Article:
Darlene: your passion around science and technology, education and teaching, and engaging citizens and everyone in these areas is truly amazing. Thank you for being a spokesperson and an advocate in these vitally important areas. We’re big fans of yours at InnoCentive.

  13. ChrisD

    Why aren’t they helping already? Because the EPA told them to go away.

    No, probably because the guy’s name is “Wierd Koops”.

    “Hey, boss, there’s a Dutch guy on the phone who says he can help.”

    “Dutch guy? What Dutch guy? What’s his name?”

    “Wierd Koops.”

    “Right. Uh, tell him we’ll get back to him. Later.”

  14. Dark tent

    Oh, my

    After just reading Ms. Cavalier’s bio above (that she is a cheerleader), I can now see why someone has a problem with my previous reference to Obama as a “cheerleader for BP” — though that is precisely what he has acted like for the past 3 weeks.

    The truth is sometimes unpleasant.

    Perhaps you think that censorship of my comments will help hide the fact that that Obama has essentially sat idly by and let BP run the show for 3 weeks while millions of gallons of toxic crude have spewed into the gulf?

    I somehow doubt it.

    It’s pretty obvious. It’s clear from Obama’s latest press conference that even he recognizes that his own inaction has made him vulnerable to criticism.

    By the way, if you won’t print my comments, there’s not much point in my posting here in the future. B-bye.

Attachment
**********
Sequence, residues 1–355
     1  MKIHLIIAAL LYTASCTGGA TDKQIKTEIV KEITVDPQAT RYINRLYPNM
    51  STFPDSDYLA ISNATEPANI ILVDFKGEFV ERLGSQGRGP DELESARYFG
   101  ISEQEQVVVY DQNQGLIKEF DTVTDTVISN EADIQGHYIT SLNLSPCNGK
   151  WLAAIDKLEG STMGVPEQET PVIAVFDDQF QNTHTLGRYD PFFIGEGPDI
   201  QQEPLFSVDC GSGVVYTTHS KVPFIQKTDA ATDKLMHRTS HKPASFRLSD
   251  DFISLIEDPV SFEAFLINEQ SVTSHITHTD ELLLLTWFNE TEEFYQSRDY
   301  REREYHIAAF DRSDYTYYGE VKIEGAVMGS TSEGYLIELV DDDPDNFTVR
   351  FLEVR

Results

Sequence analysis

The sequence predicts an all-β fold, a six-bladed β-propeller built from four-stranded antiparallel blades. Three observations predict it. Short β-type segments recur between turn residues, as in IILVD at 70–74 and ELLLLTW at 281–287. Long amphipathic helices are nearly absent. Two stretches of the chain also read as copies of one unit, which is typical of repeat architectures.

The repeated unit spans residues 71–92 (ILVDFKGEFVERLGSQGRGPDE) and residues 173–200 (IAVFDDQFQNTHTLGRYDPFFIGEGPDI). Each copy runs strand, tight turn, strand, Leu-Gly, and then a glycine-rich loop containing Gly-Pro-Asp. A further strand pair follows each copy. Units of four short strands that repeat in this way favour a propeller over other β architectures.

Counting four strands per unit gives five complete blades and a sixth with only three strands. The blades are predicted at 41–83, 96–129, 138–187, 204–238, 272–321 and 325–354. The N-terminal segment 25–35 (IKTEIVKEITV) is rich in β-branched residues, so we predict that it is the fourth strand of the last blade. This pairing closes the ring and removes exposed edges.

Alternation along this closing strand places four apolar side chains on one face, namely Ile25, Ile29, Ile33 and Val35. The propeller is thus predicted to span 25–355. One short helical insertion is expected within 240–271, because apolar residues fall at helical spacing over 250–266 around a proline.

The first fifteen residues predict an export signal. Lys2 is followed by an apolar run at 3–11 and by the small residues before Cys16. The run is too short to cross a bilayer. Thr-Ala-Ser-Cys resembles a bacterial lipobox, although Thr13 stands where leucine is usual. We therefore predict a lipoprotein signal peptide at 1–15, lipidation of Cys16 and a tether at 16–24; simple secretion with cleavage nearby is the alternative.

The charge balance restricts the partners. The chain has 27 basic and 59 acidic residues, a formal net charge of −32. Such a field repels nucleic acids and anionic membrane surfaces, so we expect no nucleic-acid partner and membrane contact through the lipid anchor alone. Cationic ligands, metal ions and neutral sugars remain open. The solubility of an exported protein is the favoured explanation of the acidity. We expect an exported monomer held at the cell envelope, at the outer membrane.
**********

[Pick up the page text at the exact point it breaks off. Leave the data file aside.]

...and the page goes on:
15. hey there. I don’t have any control over the comments but I do know of another comment stuck in the admin area. I’ll let the good folks at Discover know that there may be a cog in the wheel. (I WAS a cheerleader 🙂 but those days are long gone!)

  16. Dan Comeau

    I believe if they use an oil absorbent in the form of pellets it will remain on the surface and will be easier to collect. The oil can then be pressed from the absorbent at a later time. At least this will keep any heavy oil from sinking to the bottom.
    I know these products exist in the common workplace because they are sold through company safety officers. I am uncertain of the product name but I know one manufacturer known as the “New Pig” offers many variants of this.

    Note: I have no affiliation nor do I stand to profit from suggesting this company.

  17. free thinker

    Oil slicks could be burned off by first spraying them from the air with chemicals designed to make them burn faster and at a higher temperature. Crude oil by itself does not burn very well–too many long chain hydrocarbons. You need to raise the temperature enough to volatilize these elements. Then you could get a sustained, high-temperature burn that would remove most of the oil in the slick. I have thought of collector vessels which would burn the oil in an enclosed space where higher temperatures could be achieved, but with the right chemicals I think open air burning could also be achieved. I don’t know enough chemistry to suggest the right mix of chemicals, but there are thousands which could be tried. I note that black gunpowder will cause a 50% mixture of water and alcohol to burn, and that powdered aluminum will burn with a very intense heat.

  18. Dark Tent

    “Blog science” at its very best:

    “I don’t know enough chemistry to suggest the right mix of chemicals, but…”

    …let’s dump hundreds of thousands (if not millions) of gallons of flammable (and undoubtedly toxic) chemicals into the Gulf of Mexico and light the whole damned thing on fire.

    Don’t forget the marshmallows and (Lindsey) Graham crackers — and to breath deeply.

  19. free thinker

    …let’s dump hundreds of thousands (if not millions) of gallons of flammable (and undoubtedly toxic) chemicals into the Gulf of Mexico and light the whole damned thing on fire.